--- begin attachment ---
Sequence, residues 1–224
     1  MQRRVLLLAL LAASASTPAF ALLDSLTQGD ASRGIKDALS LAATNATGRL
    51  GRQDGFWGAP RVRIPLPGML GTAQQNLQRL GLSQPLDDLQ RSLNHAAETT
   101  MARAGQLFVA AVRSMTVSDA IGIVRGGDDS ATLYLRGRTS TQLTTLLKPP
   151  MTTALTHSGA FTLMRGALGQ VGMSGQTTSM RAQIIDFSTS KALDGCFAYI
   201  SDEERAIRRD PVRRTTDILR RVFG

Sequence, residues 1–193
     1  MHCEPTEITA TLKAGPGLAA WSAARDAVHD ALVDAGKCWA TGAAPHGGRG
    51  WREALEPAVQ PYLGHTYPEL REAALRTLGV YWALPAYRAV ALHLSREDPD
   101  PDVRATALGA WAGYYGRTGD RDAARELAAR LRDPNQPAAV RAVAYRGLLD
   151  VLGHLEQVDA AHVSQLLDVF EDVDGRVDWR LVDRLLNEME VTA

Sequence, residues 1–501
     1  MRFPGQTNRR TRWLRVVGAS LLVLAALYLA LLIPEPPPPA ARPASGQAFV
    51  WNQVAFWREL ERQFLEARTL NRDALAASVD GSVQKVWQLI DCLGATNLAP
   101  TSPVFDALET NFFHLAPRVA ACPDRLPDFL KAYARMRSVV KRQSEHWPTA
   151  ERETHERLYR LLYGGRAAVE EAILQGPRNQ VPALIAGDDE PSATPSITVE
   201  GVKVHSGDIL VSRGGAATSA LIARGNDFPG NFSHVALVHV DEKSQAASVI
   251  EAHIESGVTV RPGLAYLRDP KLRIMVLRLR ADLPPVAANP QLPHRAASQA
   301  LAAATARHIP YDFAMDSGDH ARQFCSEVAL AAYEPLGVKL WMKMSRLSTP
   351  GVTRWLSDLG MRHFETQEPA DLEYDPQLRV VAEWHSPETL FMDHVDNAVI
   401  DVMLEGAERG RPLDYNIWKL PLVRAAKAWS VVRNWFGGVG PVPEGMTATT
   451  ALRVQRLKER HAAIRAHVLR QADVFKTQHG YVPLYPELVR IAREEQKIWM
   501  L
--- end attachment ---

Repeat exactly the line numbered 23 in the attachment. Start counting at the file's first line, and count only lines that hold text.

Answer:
   501  L